Best way to test predicate against a range
Jonathan M Davis
jmdavisprog at gmail.com
Sat Jun 26 19:10:37 PDT 2010
Okay. The functions in std.algorithm are quite powerful, but sometimes you have
to play around with them a bit to figure out how to do exactly what you're trying
to do. Sometimes it's a matter of figuring out exactly which algorithm really
does what you want, and sometimes it's a matter of figuring out how to contort
one of them to do what you want.
For example, there are two functions that I'd like to be have: all() and any().
That is, I want a function which checks a predicate against a range and returns
whether all elements in that range satisfy the predicate, and I want a function
that checks a predicate against a range and returns whether any element satisfies
the predicate. Ideally, all() would shortcut if it found even one element which
didn't satisfy the predicate, and any() would shortcut if it found even one that
From the looks of it, canFind() is essentially any(), so that new addition to
std.algorithm should deal with that. Previously, the best that I could figure out
was to use find() for that and check whether the returned range was empty, which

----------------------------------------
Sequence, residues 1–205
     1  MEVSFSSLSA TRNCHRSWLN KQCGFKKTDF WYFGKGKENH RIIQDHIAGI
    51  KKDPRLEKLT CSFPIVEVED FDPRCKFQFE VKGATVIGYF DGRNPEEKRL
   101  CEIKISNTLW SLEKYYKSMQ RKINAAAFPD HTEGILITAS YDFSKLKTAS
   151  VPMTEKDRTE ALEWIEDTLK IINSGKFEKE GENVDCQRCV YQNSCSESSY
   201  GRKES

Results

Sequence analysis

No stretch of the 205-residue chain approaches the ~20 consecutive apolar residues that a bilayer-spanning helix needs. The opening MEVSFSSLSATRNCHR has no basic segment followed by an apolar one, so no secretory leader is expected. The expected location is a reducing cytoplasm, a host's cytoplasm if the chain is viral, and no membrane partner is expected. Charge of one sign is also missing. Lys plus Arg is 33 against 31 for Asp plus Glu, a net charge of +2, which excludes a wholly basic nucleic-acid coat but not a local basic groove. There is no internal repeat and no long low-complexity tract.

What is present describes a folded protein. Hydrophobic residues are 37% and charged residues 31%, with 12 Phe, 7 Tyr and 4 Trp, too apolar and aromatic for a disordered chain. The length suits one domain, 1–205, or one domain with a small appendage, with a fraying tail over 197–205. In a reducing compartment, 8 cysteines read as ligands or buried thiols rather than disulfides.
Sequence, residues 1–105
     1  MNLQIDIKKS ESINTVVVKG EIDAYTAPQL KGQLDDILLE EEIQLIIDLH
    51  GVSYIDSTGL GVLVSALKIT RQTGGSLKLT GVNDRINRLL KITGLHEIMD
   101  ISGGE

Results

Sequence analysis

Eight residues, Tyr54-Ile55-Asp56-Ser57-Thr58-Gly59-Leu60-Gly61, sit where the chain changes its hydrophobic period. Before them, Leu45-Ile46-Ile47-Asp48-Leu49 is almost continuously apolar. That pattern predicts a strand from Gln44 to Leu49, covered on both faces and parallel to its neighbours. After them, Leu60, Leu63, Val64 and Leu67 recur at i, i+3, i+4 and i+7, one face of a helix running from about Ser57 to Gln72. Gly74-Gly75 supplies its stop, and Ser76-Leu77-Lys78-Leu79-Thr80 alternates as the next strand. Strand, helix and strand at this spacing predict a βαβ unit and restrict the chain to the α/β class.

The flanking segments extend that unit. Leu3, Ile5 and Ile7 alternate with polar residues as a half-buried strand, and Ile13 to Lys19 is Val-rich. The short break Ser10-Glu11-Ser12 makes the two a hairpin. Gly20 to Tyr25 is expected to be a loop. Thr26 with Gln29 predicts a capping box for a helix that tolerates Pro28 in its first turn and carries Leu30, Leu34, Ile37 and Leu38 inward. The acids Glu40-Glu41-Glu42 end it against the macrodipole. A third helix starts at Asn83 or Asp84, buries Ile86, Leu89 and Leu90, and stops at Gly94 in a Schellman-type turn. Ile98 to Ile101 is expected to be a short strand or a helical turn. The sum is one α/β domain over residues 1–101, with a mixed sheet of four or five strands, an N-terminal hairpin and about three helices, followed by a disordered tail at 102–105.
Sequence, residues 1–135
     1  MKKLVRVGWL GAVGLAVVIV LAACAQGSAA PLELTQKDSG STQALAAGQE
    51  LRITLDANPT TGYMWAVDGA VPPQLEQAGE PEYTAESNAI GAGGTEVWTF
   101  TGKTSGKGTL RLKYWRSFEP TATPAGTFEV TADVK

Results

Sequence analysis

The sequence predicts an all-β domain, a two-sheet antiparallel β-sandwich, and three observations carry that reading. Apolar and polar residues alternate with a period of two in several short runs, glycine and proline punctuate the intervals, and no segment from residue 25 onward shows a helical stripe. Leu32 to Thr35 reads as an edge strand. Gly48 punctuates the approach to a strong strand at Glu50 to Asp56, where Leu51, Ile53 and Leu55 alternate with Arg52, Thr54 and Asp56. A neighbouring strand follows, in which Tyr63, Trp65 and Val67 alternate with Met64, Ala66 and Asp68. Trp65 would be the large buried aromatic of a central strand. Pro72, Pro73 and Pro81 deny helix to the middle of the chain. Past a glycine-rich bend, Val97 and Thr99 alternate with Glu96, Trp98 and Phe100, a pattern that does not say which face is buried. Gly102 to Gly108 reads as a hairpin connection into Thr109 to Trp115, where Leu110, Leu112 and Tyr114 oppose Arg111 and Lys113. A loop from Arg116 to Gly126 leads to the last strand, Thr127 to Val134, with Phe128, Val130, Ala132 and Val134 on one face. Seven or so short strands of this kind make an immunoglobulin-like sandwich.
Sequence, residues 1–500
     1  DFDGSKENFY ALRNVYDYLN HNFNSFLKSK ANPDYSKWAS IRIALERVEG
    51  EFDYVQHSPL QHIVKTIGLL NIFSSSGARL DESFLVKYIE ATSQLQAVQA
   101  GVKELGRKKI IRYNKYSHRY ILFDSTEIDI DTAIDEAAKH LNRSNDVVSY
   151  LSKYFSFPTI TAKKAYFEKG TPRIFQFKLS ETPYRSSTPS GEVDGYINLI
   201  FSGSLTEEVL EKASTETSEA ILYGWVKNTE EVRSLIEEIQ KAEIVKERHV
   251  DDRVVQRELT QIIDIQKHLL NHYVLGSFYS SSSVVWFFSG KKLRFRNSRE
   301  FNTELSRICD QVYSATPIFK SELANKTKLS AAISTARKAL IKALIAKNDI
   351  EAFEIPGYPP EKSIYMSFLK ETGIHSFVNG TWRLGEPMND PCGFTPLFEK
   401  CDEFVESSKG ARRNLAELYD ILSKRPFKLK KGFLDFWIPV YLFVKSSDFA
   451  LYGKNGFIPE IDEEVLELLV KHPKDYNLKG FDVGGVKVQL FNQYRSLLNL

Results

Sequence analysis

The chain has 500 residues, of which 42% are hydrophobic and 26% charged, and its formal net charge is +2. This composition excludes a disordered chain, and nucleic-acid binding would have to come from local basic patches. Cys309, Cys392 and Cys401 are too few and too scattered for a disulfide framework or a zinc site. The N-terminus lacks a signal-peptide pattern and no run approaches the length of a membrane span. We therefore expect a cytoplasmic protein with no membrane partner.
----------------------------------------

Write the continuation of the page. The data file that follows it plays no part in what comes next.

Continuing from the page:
wasn't as efficient or elegant. So, that's a nice addition to phobos.
The problem is all(). I can't find any function which seems to effectively do
all(). The best that I can think of is to use canFind() with a negated
predicate, so if it returns true, it found an element which satisfied the
negation of the predicate and therefore didn't satisfy the predicate. However,
ideally, I'd be able to give a function the exact predicate that I'm looking for
without having to contort the predicate to be able to use the function that I
want. It feels like I'm dealing with only a || and I don't have a &&.
Is there a function in phobos which can't be used as an all(), and I'm just
missing it, or is there at least a better solution than using canFind() with a
negated predicate, or is canFind() with a negated predicate the best that there
is at the moment?
- Jonathan M Davis
P.S. By the time that std.algorithm is completed, I suspect that it would be
possible to write a small book on the myriad of ways to use it. It's extremely
powerful and not really all that hard to use, but sometimes it takes a fair bit
of thinking (for me at least) to figure out which function to use to do
something. Hopefully I get better at it with time at least.
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